Jo has a varied portfolio that includes working as a consultant facilitating strategy sessions with leadership teams, coach emerging leaders and lead substantial policy, strategy and gender projects.
Recent assignments include facilitating sessions at the Commonwealth Heads of Government Meeting in London in April 2018, and working with the leadership team of the New Zealand Defence Force to develop strategies to increase the gender diversity of the forces.
She is the part-time Chief Executive of the New Zealand Book Council promoting reading and delivering literacy projects and holds a number of directorships on government and NGO boards.
Jo is regularly invited to deliver keynotes on gender equality, women and leadership and the future of work.
Her interest in the future of work stems from her experience of moving from a 'traditional' executive career a portfolio one. Her research has resulted in the co-authored book 'Don't Worry About the Robots: How to Survive and Thrive in the New World of Work'.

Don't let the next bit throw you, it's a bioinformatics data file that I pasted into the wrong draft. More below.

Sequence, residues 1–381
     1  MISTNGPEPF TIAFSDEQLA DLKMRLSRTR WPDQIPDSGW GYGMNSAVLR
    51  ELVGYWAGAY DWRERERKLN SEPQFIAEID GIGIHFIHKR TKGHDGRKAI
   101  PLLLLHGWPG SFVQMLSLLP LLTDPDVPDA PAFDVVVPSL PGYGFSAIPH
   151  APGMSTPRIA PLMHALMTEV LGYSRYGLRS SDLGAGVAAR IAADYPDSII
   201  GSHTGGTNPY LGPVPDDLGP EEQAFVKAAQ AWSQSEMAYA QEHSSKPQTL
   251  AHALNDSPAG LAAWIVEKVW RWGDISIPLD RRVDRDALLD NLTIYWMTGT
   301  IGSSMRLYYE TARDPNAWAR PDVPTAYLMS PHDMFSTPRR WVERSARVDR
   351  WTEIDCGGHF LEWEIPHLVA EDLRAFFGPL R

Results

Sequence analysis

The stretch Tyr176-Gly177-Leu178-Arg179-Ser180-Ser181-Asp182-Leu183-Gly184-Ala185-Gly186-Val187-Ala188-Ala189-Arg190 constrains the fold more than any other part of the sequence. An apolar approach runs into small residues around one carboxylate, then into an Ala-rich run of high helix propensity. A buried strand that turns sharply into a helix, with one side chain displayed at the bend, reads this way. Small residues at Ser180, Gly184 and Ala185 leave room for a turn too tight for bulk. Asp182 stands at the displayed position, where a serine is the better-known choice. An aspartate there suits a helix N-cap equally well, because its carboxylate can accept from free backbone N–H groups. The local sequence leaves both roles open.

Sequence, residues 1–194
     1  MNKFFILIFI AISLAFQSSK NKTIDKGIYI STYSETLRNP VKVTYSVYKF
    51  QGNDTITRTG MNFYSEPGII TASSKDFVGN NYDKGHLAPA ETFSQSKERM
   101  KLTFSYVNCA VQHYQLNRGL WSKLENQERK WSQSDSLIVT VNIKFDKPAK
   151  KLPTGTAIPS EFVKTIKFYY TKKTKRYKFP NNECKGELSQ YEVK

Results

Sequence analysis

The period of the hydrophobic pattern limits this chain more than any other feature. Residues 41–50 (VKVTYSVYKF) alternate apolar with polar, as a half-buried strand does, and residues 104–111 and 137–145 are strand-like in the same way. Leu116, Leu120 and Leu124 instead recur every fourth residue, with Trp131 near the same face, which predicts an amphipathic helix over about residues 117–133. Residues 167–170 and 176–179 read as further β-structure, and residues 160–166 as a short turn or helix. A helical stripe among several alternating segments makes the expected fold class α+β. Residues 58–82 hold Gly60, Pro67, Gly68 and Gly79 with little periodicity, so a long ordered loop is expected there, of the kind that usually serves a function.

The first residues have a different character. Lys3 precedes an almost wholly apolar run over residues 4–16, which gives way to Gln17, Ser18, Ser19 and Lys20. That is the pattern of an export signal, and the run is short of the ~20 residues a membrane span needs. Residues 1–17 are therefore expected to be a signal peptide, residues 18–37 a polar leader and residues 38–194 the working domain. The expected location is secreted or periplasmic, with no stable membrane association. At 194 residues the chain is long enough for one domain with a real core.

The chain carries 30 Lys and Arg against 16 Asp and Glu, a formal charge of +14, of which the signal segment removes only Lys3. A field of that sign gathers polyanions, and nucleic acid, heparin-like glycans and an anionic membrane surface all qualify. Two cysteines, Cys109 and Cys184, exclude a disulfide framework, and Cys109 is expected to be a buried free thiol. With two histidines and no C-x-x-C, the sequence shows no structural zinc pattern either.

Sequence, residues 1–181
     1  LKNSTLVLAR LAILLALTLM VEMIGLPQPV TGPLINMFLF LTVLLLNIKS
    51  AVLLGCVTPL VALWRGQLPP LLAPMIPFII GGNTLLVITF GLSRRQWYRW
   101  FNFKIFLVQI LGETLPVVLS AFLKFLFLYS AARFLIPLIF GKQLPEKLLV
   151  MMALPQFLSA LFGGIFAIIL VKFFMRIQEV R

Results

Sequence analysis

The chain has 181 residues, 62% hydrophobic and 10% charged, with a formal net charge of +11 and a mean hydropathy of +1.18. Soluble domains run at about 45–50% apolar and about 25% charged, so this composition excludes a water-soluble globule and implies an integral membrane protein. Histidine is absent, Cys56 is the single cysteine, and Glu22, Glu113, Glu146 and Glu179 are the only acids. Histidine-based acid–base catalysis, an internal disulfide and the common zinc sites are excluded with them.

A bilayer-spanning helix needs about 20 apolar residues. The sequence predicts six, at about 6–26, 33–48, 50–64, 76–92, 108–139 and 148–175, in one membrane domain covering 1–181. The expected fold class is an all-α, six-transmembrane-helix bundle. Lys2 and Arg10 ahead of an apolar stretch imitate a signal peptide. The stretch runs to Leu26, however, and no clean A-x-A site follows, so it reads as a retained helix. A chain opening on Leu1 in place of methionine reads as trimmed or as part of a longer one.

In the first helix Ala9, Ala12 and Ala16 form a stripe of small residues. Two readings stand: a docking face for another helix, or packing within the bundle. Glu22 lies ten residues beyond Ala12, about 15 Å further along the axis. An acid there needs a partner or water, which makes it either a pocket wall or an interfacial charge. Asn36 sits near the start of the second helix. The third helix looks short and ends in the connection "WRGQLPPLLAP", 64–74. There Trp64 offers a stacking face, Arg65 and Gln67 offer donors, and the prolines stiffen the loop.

Jo was the previous Chief Executive of the Ministry for Women and the Deputy Children's Commissioner. One of the youngest Chief Executives ever appointed in the New Zealand Public Service, she has invested her time and energy in advancing the cause of the vulnerable in society, spearheading some of the most difficult issues of our time, including child abuse, child poverty, family violence and vulnerable women.
• Chief Executive, Ministry for Women (2012-2016)
• Women of Influence Finalist (2016)
• Leading the Expert Advisory Group on Child Poverty (2012).
• Deputy Children’s Commissioner (2011-2012)
• Doctorate of Public Policy, Victoria University of Wellington (2002-2005)
• Diploma of Management Studies, University of Cambridge, UK (1997-1998)
- Mastering Leadership
- Future of Work
Politics & Advocacy
- Local Government
- Women's Rights
Chorus were fortunate to have Dr Jo Cribb speak at our Leadership Conference in August 2018. Jo spoke to a group of 180 senior leaders about the changing world of work, the impact of techno ... keep readinglogy and what that may mean for workplaces and individuals in the future. Jo’s style is relaxed, humorous and knowledgeable - she is able to deliver facts and data, sometimes sobering ones, in an engaging and relatable way. We were left informed, challenged, but also with the ability to act following Jo’s presentation. ChorusView more